The most interesting reading to me that we have done since the second reading reaction is the reading we did about Civil Rights, which is in chapter six in the textbook. This topic in particular interested me because of the long process our country has gone through in an effort to try and get every person regardless of race or gender to have equal rights. I’m a big fan of United States history so learning more about Southern Reconstruction and everything Lincoln did to try and help the slaves was very eye opening. Another interesting part of the reading was learning about the different types of discrimination because I did not even know these forms of discrimination had names. Now that I know the difference between dejure and defacto discrimination I feel like my understanding of discrimination is broadened. It was also cool to read about all the different peope who made efforts to end discrimination like Jackie Robinson and Rosa Parks, their bravery is such an inspiration and I believe they deserve all of the recognition they get.
I believe that this reading is somewhat relevant to current events but more so over seas than in the United States. In the United States I feel like we have done a pretty good job to make sure that everyone is treated equally, but in certain countries like Iran and North Korea still fall behind in this category. Personally, I think this is a travesty and countries like this really need a civil rights movement like in the United States to get away from what they currently are. The way the government handles civil rights now is debatebly the way the founders wanted it handled. The founders believed that all men should be treated equally but then again they also had slaves so I am not sure how they would react to the equality that is exists in the present day. Purely based on what the founders said about everyone being treated equally though I would have to imagine they would be pleased with the way civil rights are now. There were a couple parts of the chapter that did confuse me. For example, the part about how courts decide cases involving civil rights really confused me. I do not understand why the government needs to have “compelling interest” to for legislation when if there something wrong they should just fix it. Another part I did not understand was the part about legal approaches and how an entire class of people can file a lawsuit. I do not understand how a select group of the class of people can determine what the overall desires are for the class and make decisions for the class as a whole. Overall I agreed with the points made in the lecture and in the reading.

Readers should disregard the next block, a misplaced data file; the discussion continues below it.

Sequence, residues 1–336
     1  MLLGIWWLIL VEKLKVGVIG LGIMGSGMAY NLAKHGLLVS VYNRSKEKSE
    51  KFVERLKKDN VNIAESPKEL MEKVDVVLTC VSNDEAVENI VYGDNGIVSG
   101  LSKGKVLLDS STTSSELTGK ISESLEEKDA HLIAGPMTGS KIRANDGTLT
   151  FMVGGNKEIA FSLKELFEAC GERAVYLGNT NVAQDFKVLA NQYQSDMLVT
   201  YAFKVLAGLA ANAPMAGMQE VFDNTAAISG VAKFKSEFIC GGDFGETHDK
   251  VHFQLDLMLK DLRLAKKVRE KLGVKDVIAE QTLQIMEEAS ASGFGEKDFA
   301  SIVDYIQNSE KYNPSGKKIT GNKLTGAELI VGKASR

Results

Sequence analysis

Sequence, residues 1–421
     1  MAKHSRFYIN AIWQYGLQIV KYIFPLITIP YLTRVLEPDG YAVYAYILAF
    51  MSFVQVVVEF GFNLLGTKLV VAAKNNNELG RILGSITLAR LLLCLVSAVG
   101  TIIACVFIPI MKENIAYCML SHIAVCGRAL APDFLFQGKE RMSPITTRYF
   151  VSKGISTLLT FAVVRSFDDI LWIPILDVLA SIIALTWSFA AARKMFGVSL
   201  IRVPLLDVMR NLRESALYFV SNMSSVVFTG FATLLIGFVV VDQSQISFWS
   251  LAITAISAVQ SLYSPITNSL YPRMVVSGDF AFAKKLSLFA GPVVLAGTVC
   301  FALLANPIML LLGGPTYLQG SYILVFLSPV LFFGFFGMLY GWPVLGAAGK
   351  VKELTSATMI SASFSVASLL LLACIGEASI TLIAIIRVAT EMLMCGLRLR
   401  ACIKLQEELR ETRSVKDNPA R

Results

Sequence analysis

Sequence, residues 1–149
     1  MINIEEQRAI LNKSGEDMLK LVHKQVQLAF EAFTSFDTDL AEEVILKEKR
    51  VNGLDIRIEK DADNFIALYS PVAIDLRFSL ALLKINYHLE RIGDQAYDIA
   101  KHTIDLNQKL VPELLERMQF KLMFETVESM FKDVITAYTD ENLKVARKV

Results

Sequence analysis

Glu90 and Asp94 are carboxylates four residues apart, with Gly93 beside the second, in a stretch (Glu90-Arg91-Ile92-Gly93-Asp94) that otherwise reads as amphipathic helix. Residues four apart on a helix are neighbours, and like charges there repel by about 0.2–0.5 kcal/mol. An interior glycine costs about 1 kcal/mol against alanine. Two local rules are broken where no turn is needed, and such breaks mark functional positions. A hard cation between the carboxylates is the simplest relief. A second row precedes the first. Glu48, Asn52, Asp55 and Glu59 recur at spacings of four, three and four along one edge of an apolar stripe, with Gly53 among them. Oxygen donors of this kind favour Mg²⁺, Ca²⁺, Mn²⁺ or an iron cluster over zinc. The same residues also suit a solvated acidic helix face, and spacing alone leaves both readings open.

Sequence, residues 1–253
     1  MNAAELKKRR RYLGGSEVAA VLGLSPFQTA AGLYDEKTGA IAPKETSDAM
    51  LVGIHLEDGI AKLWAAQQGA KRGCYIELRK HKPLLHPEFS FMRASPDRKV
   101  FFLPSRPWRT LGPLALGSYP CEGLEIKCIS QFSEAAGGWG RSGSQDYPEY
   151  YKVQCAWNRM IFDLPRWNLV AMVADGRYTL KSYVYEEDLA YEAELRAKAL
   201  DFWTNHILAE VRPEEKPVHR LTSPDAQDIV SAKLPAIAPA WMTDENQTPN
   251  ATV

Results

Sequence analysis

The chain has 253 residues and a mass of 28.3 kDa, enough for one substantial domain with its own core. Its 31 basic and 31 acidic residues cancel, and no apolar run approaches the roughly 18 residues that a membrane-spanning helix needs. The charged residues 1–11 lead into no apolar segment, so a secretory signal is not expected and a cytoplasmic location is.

The reading we did on civil liberties, found in chapter five, was also of interest to me. I think one of the greatest parts of living in the United States is that we have limits on the government, being able to freely excercise our rights is what makes our nation so great. I love that our country has laws like the Establishment clause and the Free Practice clause because everyone should have a right to be able to pracitce their religion and be free from people trying to change their religious views. Stuff like that made this reading very intereting to me because I believe passionately in people having rights and that no one should be able to take these rights from them. It was intersting to learn the difference between libel and slander, both of which I did not know were actual crimes. It was also really interesting to read about things like “Clear and Present Danger” and “Fighting Word” because I had never hear of these before.
The topic of civil liberties is very relevant in today’s society because citizens of the United States must still fight to make sure their civil liberties are upheld. For example, the NSA spying on citizens is breach of our right to privacy but the government still allows it. If we do not stand up for civil libertites they will slowly be taken away…